Texoma Off Road Club
The Texoma Off Road Club, based in Wichita Falls, Texas, is a small, family-oriented off-road club that mainly consists of rockcrawlers from mild to fully-built buggies. As a club we travel to different areas to wheel, such as the Superlift ORV Park; Clayton, Oklahoma; and Katemcy, Texas. We love to get together and wheel or just hang out. Our families are heavily involved in the club, so we are used to having kids in our rigs who enjoy what we do as much as we do.
In December we have an annual fundraiser called Rock Crawl for Kids that raises money for a charity called Operation Santa Claus, which benefits local children at Christmastime. Our club partners in the event with Rock & Roll Offroad, a local off-road accessory store. We place large rocks and cars in front of R&R Offroad's store, and people donate money to let our club members drive them over the rocks and cars. The kids love it. It's a full day in which we gather toys and cash to help those less fortunate. Hot dogs and drinks are served throughout the day, as well as candies for the kids. We'd like to be considered for your Club Spotlight, not just because it would be really cool to be in your magazine, but also to give other clubs and idea for the same type of event to help those in need.
Editor's note: What's your 4x4 club up to? This is the place to share news about trail cleanups, charity runs, raffles, trail rides, and other events going on in your neck of the woods. Email the info and some high-resolution photos to firstname.lastname@example.org, or you can send them to Club Spotlight, 4-Wheel & Off-Road magazine, 6420 Wilshire Blvd., Los Angeles, CA 90048. Sorry, but we can't return photos.
This Just In
* Barely a week after his Third Place overall in Dakar, Robby Gordon drove his Chevy Silverado Trophy Truck to an overall win at the 15th Annual SCORE Laughlin Desert Challenge in Nevada.
* Ford and Navistar have ended their long-standing feud, reaching (in the careful words of the PR statement) "an agreement to restructure their ongoing business relationship and settle all existing litigation between the companies." The companies were suing each other over warranty claims having to do with the diesel engines Navistar supplied to Ford. Additionally, Navistar sued Ford over the proposed light-duty diesel engines to be installed in F-150s. The agreement terminates the diesel engine supply deal between them at the end of the year, though Navistar will continue to supply parts for PowerStroke engines. The two companies will continue to work together in the South American market.
* Mahindra is taking its show on the road. Global Vehicles, the U.S. distributor for the Indian trucks and SUVs, is planning a series of displays and events to introduce Mahindra to America this fall. So far more than 300 dealers have been signed to sell the vehicles, and plans call for the diesel-powered pickup to go on sale later this year. The Mahindra SUVs will come in 2010.
* In Its Fight To Stay Out of bankruptcy, GM has dissolved its High Performance Vehicle Operations unit, which built lots of the fun stuff, like the V-8 Colorado and SS versions of the HHR and Cobalt. Those engineers have been reassigned to more mundane projects. We hope this is temporary.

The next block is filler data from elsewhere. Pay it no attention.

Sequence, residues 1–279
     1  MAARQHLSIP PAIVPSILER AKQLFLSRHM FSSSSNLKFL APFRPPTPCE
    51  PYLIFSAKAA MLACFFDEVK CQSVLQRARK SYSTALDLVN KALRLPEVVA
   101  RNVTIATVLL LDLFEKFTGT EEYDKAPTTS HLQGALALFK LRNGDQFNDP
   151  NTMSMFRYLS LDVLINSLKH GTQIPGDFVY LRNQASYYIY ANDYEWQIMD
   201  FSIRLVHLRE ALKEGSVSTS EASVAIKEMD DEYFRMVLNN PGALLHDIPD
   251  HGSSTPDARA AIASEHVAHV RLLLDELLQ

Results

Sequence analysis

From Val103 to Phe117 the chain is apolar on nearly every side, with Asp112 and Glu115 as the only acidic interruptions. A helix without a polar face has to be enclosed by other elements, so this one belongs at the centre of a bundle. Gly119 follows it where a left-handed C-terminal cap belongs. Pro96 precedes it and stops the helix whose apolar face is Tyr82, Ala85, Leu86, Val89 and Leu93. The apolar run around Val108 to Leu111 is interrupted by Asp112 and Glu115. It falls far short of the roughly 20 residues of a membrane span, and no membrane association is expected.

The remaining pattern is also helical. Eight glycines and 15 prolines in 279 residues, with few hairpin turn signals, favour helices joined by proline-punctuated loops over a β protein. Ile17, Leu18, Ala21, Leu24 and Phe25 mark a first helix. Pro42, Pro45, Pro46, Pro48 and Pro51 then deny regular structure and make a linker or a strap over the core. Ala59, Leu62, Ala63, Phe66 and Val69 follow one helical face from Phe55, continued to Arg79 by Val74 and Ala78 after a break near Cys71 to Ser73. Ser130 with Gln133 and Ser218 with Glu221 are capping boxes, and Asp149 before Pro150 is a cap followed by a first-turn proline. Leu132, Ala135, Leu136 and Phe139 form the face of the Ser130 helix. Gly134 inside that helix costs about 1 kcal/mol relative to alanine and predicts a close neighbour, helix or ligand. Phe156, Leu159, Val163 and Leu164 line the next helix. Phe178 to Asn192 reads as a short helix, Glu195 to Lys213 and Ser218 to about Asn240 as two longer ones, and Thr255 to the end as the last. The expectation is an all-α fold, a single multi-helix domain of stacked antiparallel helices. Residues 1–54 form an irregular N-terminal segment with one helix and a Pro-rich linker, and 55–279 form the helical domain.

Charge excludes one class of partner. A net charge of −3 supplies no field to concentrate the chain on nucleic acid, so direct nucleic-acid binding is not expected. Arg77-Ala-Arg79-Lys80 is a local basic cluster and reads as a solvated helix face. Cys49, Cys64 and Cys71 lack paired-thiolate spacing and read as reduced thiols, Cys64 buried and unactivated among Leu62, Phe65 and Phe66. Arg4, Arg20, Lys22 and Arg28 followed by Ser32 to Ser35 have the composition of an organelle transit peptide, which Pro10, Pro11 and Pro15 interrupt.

* SEMA reports that the U.S. Senate recently passed legislation to add more than 2 million acres to the National Wilderness Preservation System. The wilderness designation is consequential since no mechanized activity is permitted on such lands. The legislation bundles more than 160 separate initiatives that had been introduced in Congress in recent years. The bill would designate wilderness in nine states-California, Colorado, Idaho, Michigan, New Mexico, Oregon, Utah, Virginia, and West Virginia-and establish several new national parks, monuments, and conservation areas. The House of Representatives is expected to ratify the legislation quickly and send it to President Obama for his signature.
* SEMA also submitted comments to the Department of Defense and U.S. Marine Corps regarding a potential expansion of the Marine Corps Combat Center at Twenty-nine Palms, near Johnson Valley, California. The Marine Corps contends that it needs additional land for training and may seek to incorporate the 189,000 acres in Johnson Valley. SEMA believes the loss of this area to OHV enthusiasts would have a serious negative impact on the OHV market, the enthusiast's community, and the local economy. SEMA recommended that the Marine Corps reassess the need for expansion or expand into other adjacent areas that are not currently used for OHV events. If OHV lands must be vacated, SEMA suggested that other nearby sites controlled by the Bureau of Land Management be considered or private lands be purchased for OHV use.
* We were contacted by an organization called Rock Crawlers for the Preservation of Future Access (RCPFA). The group is committed to preserving both public and private lands in the mid-Atlantic region to continued off-road vehicle access. Crozet, Virginia, near the University of Virginia, serves as the RCPFA's primary base of operations. It consists of roughly 100 acres of private land, which is maintained by RCPFA. Its location is sufficiently centralized in the region for wheeling events. RCPFA offers guided four-wheeling for nonmembers wishing to become actively involved in both legal and responsible off-roading. Information on joining RCPFA or reserving its playground for club events can be found at the group's website (www.rcpfa.com).